This photo, taken July 31, 2020, via a drone near Bailey Island in Harpswell, shows a great white shark, according to a Massachusetts shark expert. Credit: Courtesy of Maine Marine Patrol

Almost a year after a woman was fatally attacked by a great white shark while swimming in a cove in Harpswell, the state is nearly tripling the number of acoustic shark detectors in the waters along Maine’s coast.

Following the fatal July 27, 2020, attack, the state Department of Marine Resources deployed eight acoustic receivers in coastal waters, spread out between Wells and Popham Beach, after it had already placed three in Saco Bay off Old Orchard Beach. The receivers, 11 in total, recorded pings from sharks that had been tagged with transmitters by researchers who are collecting data about the presence of sharks along the coast.

The shark attack last summer, which killed Julie Dimperio Holowach, 63, of New York City, was only the third fatal shark attack in New England since 1936. There have long been seasonal sightings of large sharks on Maine’s coast, though such sightings are considered uncommon. Holowach’s death remains the first known recorded fatal shark attack in Maine.

The presence of large sharks in New England waters likely has been increasing in recent decades as a variety of conservation measures have been put in place to protect sharks and seals, which are believed to be the preferred food choice for white sharks.

This summer, the state has deployed 32 acoustic receivers along the southern Maine coast, between roughly York and Boothbay Harbor, according to Department of Marine Resources spokesperson Jeff Nichols. 

“Our array focuses predominantly on coastal areas where there’s high beach recreation,” Nichols said Thursday.

To help with the collection of data, the state also has created a shark sighting webpage where people who see large sharks in coastal waters can enter information and upload photos of what they saw.

The receivers do not transmit data remotely, and are not intended to be an active warning system to people who might be visiting nearby beaches when a shark signal is detected. The sensors have to be retrieved, brought to shore and then have their collected data downloaded for researchers to find out when they detected sharks.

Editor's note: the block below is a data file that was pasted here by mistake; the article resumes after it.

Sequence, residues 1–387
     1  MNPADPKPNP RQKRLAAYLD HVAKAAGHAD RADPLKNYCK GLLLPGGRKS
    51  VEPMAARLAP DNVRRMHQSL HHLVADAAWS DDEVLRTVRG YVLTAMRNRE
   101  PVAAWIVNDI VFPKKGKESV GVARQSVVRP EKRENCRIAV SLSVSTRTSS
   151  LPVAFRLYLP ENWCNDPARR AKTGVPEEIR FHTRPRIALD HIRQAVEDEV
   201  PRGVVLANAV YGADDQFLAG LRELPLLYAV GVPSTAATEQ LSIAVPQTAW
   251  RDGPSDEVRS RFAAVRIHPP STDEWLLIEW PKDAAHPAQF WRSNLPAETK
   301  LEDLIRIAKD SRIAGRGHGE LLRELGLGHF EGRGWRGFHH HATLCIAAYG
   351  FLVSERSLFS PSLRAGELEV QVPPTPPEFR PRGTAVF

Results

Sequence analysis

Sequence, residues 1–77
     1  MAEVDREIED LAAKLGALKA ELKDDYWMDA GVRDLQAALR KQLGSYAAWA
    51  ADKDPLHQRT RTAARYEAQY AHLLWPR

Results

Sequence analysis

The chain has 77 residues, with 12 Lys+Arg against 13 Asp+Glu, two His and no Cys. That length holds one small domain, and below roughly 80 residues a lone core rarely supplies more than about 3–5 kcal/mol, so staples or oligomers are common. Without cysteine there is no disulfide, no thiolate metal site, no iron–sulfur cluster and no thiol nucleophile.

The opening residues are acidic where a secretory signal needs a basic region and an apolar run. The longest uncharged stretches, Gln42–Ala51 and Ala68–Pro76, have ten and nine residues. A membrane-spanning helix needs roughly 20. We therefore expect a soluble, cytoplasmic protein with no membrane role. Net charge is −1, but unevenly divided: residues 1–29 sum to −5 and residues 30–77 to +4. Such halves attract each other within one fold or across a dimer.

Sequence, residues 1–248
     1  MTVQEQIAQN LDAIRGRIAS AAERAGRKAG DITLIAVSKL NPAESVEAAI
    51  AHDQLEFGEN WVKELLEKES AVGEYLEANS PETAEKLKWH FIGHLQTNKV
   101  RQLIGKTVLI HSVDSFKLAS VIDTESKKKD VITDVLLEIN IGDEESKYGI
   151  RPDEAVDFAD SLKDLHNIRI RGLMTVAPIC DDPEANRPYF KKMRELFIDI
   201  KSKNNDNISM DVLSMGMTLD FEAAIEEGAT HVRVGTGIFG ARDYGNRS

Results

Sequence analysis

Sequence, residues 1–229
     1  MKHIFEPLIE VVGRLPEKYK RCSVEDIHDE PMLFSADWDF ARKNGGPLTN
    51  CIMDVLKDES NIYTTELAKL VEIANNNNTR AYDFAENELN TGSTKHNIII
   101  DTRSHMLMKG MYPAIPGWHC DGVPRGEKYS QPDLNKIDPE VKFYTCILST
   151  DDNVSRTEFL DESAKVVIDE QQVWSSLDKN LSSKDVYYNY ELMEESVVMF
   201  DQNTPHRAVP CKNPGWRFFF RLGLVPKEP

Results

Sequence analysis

Maine state beaches and some other public beachfront areas, including in Harpswell, instead are using shark flags to alert visitors when a shark has been spotted in the area.

Nichols said the state plans to retrieve the sensors later this month, download the data and then put them back in the water where they will remain until late fall.

The purpose of the sensor system is to ensure that officials have data to support their efforts “to protect public safety and to provide important information about migration and habitat use of great white sharks in the Gulf of Maine,” state marine resources officials said.

The collected data is shared with the New England White Shark Research Consortium, which includes fisheries officials in Maine, Massachusetts, New Hampshire, Rhode Island and Canada as well as marine conservation groups and federal and university researchers. After being reviewed by researchers, the data also is shared with the public via Sharktivity, an app developed and run by consortium member Atlantic White Shark Conservancy.

In 2020, when 11 sensors were deployed in coastal Maine waters from late July through late November, they detected 45 tagged fish swimming along the coast. Of those, 16 were sharks — 14 white sharks, one blue shark and one sand tiger shark, according to the Department of Marine Resources.

In all, the sensors recorded more than 20,000 pings from the tagged fish, of which roughly 1,000 came from the tagged sharks.

Nichols said that there have been reports of white shark sightings along Maine’s coast this summer, but none of them have been confirmed. Several of those sightings turned out to be basking sharks which, though large, are filter feeders that pose no threat to people, he said.

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Bill Trotter

A news reporter in coastal Maine for more than 20 years, Bill Trotter writes about how the Atlantic Ocean and the state's iconic coastline help to shape the lives of coastal Maine residents and visitors....